With the rise of the electric and hybrid vehicle comes the ever increasing demand to supply batteries capable of providing propulsion for the vehicles of the future. Once again, the U.S. is falling behind. Unable to meet demand, automakers are now turning elsewhere to source their batteries. It's a game of catch up now, and the U.S. doesn't appear to be gaining ground.
The problem is not raw materials, as the U.S. has significant sources for lithium in particular due to somewhat solid relationships with South American countries rich in lithium, the shortage problem stems from the lack of companies producing batteries and the lack of funding for the companies that do produce the batteries.
As Michael Andrews, the director of government affairs at Johnson Controls said, "Right now in this country, we are faced with a critical problem. We have, at best, an immature supply chain (for batteries)."
If the problem is not lithium supply, then the problem must be the other raw materials needed to construct a battery. Materials such as plastics, casings, cathode and anode materials and so on are in short supply from U.S. suppliers. Even more critical, suppliers lack the manufacturing equipment here in the States to assemble batteries in large quantities. Even if the materials were available, there is little infrastructure in place to build the batteries.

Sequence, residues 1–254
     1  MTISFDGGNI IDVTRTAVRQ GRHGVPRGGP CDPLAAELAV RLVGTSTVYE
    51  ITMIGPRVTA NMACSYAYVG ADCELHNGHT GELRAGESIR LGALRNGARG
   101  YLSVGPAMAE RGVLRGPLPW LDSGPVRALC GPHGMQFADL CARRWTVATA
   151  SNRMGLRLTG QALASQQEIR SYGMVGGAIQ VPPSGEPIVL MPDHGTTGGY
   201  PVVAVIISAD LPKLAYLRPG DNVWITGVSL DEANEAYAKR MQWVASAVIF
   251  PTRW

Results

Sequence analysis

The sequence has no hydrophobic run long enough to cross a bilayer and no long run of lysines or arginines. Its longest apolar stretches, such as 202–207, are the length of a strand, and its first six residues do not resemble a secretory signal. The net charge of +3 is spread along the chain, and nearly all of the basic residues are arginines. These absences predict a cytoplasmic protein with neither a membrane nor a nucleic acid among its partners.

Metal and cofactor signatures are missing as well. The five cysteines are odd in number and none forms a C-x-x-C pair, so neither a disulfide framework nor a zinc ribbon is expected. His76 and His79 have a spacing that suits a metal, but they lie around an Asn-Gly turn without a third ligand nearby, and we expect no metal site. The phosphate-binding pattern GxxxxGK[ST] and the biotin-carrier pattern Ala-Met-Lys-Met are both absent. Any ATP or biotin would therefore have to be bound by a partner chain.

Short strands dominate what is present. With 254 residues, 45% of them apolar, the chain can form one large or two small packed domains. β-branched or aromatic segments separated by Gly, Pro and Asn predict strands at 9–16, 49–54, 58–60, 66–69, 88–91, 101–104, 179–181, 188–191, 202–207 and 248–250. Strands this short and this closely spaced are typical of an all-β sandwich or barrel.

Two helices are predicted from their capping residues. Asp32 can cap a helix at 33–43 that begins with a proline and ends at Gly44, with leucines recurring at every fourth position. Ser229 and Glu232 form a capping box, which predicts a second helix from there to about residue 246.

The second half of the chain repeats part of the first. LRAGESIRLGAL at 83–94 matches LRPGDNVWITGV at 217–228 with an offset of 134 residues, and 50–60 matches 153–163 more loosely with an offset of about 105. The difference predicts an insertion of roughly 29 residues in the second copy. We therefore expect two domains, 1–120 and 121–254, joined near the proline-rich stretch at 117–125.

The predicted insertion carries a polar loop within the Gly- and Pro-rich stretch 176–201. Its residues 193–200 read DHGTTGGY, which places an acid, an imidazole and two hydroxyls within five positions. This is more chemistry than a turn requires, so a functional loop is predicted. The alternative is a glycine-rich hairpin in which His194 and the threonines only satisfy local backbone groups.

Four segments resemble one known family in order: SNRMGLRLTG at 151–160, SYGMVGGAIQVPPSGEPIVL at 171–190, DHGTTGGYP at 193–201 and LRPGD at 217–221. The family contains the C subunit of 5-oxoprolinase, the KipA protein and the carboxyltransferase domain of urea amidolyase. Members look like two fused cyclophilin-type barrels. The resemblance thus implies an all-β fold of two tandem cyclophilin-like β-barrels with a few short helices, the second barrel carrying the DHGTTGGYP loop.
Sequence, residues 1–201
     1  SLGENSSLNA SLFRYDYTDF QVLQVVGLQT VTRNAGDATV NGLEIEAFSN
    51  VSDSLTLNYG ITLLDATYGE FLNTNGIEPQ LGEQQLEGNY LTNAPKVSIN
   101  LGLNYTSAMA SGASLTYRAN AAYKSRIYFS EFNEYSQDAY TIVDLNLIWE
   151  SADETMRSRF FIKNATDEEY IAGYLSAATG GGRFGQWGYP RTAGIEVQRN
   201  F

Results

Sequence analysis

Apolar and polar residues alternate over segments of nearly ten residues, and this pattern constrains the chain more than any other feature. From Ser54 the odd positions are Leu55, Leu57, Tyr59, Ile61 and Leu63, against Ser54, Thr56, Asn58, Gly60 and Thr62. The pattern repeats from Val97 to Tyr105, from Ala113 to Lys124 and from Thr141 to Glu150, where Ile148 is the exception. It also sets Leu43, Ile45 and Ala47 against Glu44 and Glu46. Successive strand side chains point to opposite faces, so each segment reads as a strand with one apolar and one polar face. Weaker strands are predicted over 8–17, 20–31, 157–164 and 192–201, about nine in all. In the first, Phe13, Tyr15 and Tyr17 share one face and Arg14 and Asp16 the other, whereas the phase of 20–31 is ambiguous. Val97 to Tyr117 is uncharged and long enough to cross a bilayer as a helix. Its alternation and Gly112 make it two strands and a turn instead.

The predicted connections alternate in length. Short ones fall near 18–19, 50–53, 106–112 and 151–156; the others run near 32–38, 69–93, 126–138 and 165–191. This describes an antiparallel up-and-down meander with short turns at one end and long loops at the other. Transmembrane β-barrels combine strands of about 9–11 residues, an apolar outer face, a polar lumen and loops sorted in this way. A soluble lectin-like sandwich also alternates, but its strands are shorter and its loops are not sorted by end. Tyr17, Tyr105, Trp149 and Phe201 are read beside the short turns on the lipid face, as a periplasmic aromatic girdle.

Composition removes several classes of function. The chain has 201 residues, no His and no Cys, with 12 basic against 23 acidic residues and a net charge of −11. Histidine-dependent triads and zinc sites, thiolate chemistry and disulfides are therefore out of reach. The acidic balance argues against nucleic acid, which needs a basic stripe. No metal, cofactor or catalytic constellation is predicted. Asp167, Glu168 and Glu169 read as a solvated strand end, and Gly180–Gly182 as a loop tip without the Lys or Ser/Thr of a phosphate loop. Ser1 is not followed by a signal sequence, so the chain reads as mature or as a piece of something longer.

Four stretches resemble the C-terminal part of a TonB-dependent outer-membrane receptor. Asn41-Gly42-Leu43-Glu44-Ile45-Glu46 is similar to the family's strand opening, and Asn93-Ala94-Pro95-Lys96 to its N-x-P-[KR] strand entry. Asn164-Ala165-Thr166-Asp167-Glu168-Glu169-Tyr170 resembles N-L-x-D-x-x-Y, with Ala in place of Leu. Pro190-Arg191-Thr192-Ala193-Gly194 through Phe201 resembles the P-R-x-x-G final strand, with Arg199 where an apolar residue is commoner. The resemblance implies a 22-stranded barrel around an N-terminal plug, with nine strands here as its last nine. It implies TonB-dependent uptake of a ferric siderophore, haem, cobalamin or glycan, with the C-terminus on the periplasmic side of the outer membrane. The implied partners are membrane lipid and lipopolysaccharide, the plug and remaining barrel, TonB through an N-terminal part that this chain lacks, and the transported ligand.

Andrews stated, "I fret over the development of the supply base in the U.S. to provide manufacturing equipment to assemble advanced battery technology. If that infrastructure is unavailable, suppliers will import batteries from elsewhere."
The demand for advanced batteries is rising everyday. And everyday the U.S. is falling behind further and further. President Obama tried to help out in the stimulus allocating $5 billion towards advanced battery technology, in addition to the $25 billion last year that was provided to help automotive manufacturers retool and change production capabilities for advanced propulsion vehicles. But even the money may not be enough and many upcoming vehicles have turned to LG Chem (Korea) or Evonik (Germany) to supply batteries for electric vehicles.
As the auto industry in the U.S. struggles to stay afloat and suppliers file for bankruptcy almost daily, others sit back and wonder why they have not focused production on the demand for batteries and electric propulsion systems. The demand is high and will likely only grow in the coming years, but if the suppliers in the U.S. are not ready, automakers will invest elsewhere.
Source: Wards Auto